When you factor in that new Defender’s price starts at $75,000...you got to be pretty gullible to swallow Land Rover’s Kool-Aid. There’s nothing that Defender did that a Grand Cherokee Trailhawk couldn’t have done with equal amounts of punishment...for a lot less money.
 
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rubileon

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The new Defender got it done, but not without a lot of support. Rear lockers would have helped.
Lockers will give traction to move forward but the impact and the damage to the vehicle is always going to take place because of the independent suspension's lower wishbone which has low clearance.
NewDefender.PNG

Oval: Point of impact
Square: Point of failure even if skid plates fitted.
Arrow: Actual ground clearance.

Also note the other scuffs and dents.
 
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bbq4133

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Lockers will give traction to move forward but the impact and the damage to the vehicle is always going to take place because of the independent suspension's lower wishbone wish has low clearance.
NewDefender.PNG

Oval: Point of impact
Square: Point of failure even if skid plates fitted.
Arrow: Actual ground clearance.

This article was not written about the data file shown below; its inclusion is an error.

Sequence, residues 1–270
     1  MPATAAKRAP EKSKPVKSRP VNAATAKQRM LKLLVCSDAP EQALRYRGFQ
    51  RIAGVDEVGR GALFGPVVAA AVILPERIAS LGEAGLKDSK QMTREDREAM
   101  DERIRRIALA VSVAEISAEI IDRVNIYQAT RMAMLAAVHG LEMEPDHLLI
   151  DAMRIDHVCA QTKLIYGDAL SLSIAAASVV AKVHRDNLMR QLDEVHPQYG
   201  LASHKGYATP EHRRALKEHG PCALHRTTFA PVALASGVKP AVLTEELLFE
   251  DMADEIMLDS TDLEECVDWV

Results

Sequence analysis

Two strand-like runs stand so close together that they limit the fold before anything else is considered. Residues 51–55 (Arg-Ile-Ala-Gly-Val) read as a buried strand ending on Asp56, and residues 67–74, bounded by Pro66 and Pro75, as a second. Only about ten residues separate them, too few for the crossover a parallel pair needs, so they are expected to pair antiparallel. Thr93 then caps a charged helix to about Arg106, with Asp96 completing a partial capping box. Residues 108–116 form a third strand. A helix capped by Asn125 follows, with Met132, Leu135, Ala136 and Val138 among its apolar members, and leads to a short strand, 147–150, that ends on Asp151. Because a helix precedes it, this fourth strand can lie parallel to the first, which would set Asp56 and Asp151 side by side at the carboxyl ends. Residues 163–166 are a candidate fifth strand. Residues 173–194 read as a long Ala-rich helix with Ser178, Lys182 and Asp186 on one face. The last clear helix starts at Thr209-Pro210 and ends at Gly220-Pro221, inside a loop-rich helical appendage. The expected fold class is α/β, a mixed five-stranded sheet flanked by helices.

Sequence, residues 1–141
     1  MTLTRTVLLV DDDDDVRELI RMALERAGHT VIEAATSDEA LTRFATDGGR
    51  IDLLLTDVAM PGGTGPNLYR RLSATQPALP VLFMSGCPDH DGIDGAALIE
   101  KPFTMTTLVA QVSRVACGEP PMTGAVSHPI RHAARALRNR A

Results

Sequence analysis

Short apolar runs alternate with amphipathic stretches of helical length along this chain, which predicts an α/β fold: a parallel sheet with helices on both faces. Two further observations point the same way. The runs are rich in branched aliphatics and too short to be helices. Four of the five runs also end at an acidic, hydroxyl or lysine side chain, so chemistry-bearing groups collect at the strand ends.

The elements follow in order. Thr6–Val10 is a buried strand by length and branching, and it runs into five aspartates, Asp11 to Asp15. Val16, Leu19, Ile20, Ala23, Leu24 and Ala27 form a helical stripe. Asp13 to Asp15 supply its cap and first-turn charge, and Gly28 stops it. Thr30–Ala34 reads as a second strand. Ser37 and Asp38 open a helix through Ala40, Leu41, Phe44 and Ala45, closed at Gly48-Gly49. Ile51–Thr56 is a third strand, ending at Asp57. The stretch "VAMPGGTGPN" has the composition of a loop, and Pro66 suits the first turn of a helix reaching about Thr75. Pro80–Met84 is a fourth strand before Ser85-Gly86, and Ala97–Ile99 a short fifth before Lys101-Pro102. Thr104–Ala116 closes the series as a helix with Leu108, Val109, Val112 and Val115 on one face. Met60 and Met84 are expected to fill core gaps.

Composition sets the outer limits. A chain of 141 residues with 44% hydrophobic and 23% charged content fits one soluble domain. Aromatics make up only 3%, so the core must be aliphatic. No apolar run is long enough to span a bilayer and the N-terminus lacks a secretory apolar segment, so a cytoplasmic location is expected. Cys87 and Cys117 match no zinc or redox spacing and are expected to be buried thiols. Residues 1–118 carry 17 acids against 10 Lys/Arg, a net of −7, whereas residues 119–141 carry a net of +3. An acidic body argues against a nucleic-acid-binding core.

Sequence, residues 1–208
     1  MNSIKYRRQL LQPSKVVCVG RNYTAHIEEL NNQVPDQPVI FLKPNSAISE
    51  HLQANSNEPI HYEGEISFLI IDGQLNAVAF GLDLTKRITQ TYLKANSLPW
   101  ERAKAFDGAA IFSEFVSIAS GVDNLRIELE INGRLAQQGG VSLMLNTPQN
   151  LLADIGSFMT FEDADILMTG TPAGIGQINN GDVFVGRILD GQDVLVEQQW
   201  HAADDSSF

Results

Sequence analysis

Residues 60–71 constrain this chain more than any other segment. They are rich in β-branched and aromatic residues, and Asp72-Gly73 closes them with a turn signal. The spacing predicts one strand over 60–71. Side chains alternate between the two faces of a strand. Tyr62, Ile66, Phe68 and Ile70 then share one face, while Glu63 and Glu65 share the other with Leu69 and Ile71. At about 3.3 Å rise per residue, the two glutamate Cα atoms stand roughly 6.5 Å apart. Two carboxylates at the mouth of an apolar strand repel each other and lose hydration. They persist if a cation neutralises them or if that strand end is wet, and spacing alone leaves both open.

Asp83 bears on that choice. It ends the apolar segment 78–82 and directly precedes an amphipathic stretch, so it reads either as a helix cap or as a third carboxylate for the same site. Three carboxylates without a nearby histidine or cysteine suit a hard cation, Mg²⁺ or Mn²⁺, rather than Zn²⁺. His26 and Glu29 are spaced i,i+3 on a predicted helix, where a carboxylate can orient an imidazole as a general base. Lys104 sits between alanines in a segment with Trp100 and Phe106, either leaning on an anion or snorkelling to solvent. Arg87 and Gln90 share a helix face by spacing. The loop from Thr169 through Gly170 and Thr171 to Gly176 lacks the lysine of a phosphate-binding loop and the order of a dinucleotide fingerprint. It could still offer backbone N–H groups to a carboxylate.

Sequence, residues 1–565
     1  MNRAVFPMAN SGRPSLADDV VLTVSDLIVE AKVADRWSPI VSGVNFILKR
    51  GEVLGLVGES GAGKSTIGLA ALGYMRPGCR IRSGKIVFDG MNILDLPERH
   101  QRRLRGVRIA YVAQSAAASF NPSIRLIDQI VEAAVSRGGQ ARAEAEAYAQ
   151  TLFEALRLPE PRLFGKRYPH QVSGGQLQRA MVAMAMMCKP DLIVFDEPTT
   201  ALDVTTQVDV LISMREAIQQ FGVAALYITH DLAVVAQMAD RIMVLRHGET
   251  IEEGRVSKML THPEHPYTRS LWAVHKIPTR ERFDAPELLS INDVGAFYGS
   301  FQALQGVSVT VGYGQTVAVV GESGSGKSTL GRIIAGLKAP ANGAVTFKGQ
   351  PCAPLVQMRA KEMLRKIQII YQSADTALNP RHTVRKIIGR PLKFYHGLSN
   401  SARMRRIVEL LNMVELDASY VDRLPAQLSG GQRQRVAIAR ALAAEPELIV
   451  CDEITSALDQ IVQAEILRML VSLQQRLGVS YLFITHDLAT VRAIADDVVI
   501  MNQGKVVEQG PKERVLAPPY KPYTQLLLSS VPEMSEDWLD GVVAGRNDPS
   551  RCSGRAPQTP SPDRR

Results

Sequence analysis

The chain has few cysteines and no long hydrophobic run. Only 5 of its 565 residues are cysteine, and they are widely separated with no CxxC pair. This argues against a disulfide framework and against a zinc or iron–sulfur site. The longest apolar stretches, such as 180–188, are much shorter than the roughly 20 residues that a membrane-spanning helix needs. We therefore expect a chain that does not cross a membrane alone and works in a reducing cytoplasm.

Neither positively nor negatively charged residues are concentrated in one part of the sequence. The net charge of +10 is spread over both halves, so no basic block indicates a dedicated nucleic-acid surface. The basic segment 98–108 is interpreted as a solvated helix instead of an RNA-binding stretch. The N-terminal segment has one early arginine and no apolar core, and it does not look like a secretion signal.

Also note the other scuffs and dents.
The actual ground clearance thing is very interesting as most folks really praise the New Defender’s “stated” clearance.
 

Windshieldfarmer

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Lockers will give traction to move forward but the impact and the damage to the vehicle is always going to take place because of the independent suspension's lower wishbone wish has low clearance.
NewDefender.PNG

Oval: Point of impact
Square: Point of failure even if skid plates fitted.
Arrow: Actual ground clearance.

Also note the other scuffs and dents.

Great illustration - nearly impossible to protect this set up. On our Jeeps the lower shock mounts can be vulnerable - but they are easy to protect...which I have.
 
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rubileon

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The actual ground clearance thing is very interesting as most folks really praise the New Defender’s “stated” clearance.
It's the same BS about the approach angle... the New Defender's got less than half the height of the wheel exposed in the front and the bumper would hit anything taller well before approach angles mattered. In the JL the stock bumper starts well above the lug nut at the highest position.

Also in the JL you have the possibility to get one wheel over a rock or something with even greater clearance but in the Defender that low hanging plastic is always in front of the wheel to say "you have to be this tall... for me to get over".

Overall the new Defender is a shockingly poor design and is worse than a light offroader like the Toyota in that video.

I feel sorry for the folks in the UK... they get the worst... gasoline particulate filters and with Jeeps they get reduced engine choices, no steel bumper from factory, etc. Not sure even if they get the Gladiator..